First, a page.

Many physicians and scientists have played an active role in supporting and encouraging the work of patient groups. In 1994 the first meeting of the European Working Group on Gaucher Disease (EWGGD) was held in Trieste, Italy, and representatives of the known European patient groups including the Israeli Gaucher Association were invited to join with the doctors and scientists.While the patient representatives understood relatively little of the detailed science discussed, their presence was seen to encourage the professionals.
Patient representatives continued to attend EWGGD meetings in Maastricht, Holland, in 1997 and in Lemnos, Greece in 1999. During these meetings, the patient representatives took time to discuss their own priorities and concerns. It became apparent that the patient groups needed more time for discussion and at the fourth EWGGD meeting in Jerusalem, Israel (2000), a separate day was set aside for a special European Gaucher Alliance (EGA) meeting. At subsequent EWGGD meetings in Prague, Czech Republic (2002); Barcelona, Spain (2004); Cambridge, UK (2006); Budapest, Hungary (2008); Cologne, Germany (2010); Paris, France (2012); Haifa, Israel (2014) and Zaragoza, Spain (2016) the EGA held their own separate meetings to discuss issues of common interest.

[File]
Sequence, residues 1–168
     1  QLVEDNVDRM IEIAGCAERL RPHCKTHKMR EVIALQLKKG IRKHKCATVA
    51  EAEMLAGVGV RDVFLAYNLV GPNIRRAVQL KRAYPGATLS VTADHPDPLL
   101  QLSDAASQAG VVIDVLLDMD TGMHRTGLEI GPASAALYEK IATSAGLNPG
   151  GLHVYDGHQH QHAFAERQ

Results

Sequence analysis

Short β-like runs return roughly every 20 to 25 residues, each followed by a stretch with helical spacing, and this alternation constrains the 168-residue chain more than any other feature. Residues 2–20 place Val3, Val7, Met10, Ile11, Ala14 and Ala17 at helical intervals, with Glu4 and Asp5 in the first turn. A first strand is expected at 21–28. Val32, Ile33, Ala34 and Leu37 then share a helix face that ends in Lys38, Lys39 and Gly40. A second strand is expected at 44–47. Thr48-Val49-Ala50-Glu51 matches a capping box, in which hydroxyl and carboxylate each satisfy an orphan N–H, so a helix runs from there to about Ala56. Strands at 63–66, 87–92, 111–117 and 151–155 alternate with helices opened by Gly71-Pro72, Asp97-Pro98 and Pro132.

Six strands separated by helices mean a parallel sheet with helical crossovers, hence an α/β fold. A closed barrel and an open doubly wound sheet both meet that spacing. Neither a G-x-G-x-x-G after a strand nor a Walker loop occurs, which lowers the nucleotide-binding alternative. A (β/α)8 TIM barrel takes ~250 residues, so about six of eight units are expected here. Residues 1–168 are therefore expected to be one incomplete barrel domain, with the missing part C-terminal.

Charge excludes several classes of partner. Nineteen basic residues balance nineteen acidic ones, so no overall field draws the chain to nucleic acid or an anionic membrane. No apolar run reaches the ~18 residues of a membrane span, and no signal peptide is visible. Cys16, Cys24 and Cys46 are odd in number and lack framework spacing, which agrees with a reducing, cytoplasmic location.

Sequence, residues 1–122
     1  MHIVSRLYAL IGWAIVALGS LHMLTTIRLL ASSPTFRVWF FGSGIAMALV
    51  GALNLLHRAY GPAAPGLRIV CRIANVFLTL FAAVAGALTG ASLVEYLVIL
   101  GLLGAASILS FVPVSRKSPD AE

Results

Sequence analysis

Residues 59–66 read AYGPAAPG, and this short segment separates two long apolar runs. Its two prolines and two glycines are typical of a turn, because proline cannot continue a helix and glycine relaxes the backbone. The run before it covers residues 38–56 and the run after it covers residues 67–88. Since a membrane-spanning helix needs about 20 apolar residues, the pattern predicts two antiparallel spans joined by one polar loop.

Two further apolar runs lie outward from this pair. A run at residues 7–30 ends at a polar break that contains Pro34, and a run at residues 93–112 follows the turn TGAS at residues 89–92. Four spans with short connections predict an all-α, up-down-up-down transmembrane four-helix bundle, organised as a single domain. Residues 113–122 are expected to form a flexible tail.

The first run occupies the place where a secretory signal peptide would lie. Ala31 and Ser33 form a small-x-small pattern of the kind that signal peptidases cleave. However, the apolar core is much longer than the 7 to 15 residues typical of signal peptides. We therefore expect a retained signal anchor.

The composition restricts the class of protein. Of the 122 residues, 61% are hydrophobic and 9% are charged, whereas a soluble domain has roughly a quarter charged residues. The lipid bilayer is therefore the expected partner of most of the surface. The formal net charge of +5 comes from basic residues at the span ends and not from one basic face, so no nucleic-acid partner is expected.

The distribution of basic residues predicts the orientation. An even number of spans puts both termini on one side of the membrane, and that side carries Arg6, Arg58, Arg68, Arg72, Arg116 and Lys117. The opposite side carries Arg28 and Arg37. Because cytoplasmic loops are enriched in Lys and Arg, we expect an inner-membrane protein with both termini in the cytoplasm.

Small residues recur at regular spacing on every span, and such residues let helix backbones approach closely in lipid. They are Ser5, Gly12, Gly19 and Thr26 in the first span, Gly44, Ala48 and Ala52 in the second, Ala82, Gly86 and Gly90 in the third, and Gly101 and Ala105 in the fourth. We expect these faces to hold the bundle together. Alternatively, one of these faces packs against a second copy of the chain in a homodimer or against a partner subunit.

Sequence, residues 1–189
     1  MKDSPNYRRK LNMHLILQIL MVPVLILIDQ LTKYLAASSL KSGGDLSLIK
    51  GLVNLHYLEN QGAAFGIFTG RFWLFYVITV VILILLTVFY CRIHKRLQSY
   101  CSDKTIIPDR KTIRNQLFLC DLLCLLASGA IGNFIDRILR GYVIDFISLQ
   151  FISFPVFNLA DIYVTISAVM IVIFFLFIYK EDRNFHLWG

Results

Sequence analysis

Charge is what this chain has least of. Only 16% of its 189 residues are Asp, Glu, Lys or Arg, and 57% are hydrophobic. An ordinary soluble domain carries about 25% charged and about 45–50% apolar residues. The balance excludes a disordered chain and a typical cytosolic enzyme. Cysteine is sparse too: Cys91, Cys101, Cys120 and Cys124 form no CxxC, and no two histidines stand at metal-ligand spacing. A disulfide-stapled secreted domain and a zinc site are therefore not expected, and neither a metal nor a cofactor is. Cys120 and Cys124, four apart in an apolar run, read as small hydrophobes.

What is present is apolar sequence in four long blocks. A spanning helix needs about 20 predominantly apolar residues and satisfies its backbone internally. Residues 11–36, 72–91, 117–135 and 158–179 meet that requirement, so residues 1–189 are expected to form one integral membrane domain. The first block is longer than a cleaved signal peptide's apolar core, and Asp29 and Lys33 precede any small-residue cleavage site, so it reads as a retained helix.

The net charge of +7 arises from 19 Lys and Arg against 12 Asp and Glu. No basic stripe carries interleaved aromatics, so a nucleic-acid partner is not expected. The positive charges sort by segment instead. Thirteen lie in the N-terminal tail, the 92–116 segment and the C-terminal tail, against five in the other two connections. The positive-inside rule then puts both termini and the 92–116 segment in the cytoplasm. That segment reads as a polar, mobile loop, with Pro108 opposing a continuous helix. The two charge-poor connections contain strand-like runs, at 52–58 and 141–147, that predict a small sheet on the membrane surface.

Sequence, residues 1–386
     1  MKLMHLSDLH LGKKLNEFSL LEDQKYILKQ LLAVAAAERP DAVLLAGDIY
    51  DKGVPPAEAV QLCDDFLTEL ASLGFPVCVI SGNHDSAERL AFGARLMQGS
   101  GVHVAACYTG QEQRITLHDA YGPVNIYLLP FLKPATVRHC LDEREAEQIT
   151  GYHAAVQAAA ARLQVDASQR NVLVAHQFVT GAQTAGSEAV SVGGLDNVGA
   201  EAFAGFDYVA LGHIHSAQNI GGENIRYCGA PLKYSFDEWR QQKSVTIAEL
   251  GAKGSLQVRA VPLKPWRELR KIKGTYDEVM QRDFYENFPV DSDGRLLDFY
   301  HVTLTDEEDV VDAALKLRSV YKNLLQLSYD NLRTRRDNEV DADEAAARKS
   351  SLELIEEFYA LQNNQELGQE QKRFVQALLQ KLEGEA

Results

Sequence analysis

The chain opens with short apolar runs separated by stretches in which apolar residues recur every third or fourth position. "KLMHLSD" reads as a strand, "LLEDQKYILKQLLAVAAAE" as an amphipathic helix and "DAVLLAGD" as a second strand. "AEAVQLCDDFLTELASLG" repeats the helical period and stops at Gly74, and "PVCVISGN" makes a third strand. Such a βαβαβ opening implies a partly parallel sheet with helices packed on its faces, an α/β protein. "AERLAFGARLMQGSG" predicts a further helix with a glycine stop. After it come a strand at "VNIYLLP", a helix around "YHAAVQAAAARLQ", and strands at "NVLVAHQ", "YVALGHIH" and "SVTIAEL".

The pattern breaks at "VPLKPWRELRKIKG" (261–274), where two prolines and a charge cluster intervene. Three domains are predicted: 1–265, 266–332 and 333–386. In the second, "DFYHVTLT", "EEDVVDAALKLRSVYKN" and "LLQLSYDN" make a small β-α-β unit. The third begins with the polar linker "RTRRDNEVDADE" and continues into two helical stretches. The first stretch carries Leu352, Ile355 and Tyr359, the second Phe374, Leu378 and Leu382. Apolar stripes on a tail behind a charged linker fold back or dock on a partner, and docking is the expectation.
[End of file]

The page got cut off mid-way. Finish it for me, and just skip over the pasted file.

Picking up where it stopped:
Together with patient representatives from Russia, Ukraine, Bulgaria and Romania the EGA took on the role of negotiating for humanitarian aid with the Genzyme Corporation and in 2004, the company agreed the European Cerezyme Access programme which provides free treatment for severely affected patients whose health services cannot or will not meet the cost of treatment, to date 117 patients in 14 countries receive treatment through ECAP, the ECAP programme has now been incorporated in the International Cerezyme Access programme (INCAP).
At the EWGGD meeting in Budapest in June 2008, members of the EGA voted to become a formal constituted organisation and elected a formal board of directors. The EGA has since become an incorporated limited company registered in England.
At the EGA Biennial Members meeting in Zaragoza in June 2016, members of the EGA voted to remove the difference between 'full' and 'associate' members so that all adopted members of the EGA had equal rights. This vote was the first step to the EGA becoming an international organisation. Over ther next two years the board worked to develop a vision, mission and proposed new structure to take the IGA forward to serve the global Gaucher community, to meet their needs and address the challenges they face. We announced our new name and logo to our members during the 10th Biennial members meeting in Riga in October 2018.
The IGA has an office in England that provides administrative support and underpins the work of the directors.